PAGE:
August 12, 2013 by Alice in Readerland
I loved All Our Yesterdays and named it one of the best books of 2013 (you can see my ARC review of All Our Yesterdays here), so I’m very excited to welcome the author Cristin Terrill to my blog for an author interview! Read on to see what Cristin has to say about her writing process, her characters, her job working in theatre, and of course, time travel:
In All Our Yesterdays we have Em and Marina, and even though they’re technically the same person, they’re also 2 different characters with two different, distinct voices. How did you keep these two different voices and timelines for the same character straight in your head?
It wasn’t always easy! Sometimes I’d have to just put my head down on my desk and think about each decision I’d make and how it would impact everything else. My brain got very used to feeling all contorted and pretzel-like. Em’s voice came to me immediately, but Marina took a little more time. I think I was afraid of making her unlikable at the beginning, but once I accepted that she was a rich bitch with a heart of gold, she started talking to me
If you could travel in time, backwards or forwards, where would you go and what would you do?
I would go back to Elizabethan England and see the first performance of Shakespeare’s Hamlet in the original Globe Theatre.
From the TARDIS to the DeLorean, we’ve seen lots of different ways to time travel. How did you come up with the interesting way the characters in All Our Yesterdays time traveled?
I’m sort of a physics nerd, so I decided very early on that I wanted the time travel in All Our Yesterdays to be science-based (as much as that is possible!) instead of magical. Cassandra, the machine Em and Finn use to travel back in time, is loosely based on the Large Hadron Collider at CERN, which is responsible for all kinds of mind-blowing, real-world discoveries that rival anything in science fiction! (See, told you I was physics nerd!)
I know that you’ve worked as a theatrical stage manager, and as a lover of theatre, I know that there is as much going on backstage as there is onstage. Do you have a fun or interesting backstage experience to share?
Oh sure! Live theatre is often just a case of managed disaster, and I’ve dealt with almost everything. Once I had an actor get trapped in a bathroom, but all I knew was he was missing just before his scene, so I threw a spare apron on top of another actor’s costume and sent him out to play the missing cook. Another time, my Macbeth was having an affair with his Lady Macbeth and became so enraged when an audience member was talking during one of her soliloquies that he rushed into the audience and nearly assaulted the guy. I had an assistant stage manager fall off a piece of scenery and have to be taken to the emergency room ten minutes before opening night, and I had to replace her at the fly rail (where backdrops are raised and lowered on ropes) with a child actor’s mother who’d never flown anything in her life. I’ve had audience members break legs, have seizures or get caught fooling around, evacuated an audience because of a bomb threat, and once did an outdoor show lit only by the headlights of my car when our power failed.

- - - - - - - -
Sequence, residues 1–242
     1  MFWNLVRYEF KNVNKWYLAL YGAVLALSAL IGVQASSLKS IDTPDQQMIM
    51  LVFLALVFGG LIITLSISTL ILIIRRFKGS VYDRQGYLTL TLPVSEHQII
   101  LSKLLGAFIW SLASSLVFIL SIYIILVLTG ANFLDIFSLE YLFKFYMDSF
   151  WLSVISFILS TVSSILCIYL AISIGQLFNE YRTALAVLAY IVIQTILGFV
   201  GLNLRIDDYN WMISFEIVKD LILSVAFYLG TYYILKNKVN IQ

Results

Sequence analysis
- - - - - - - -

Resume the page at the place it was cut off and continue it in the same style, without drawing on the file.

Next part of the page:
What is your writing process like?
It’s a bit boring, to be honest. I wish I was one of those writers who sits in a window-seat with a cup of tea as rain patters against the glass and writes out beautiful prose by hand, but what I actually do is drag my butt to the library almost every day. Before I start writing a book, I have an outline of the entire story, and each day before I start writing, I write a more detailed, micro-outline of what I plan to do that day. Then I sit there until I write at least 1,500 words. Not very romantic!
Thanks so much for the interview, Cristin!
Now I have an interview question for all of you: If you could travel in time, backwards or forwards, where would you go and what would you do?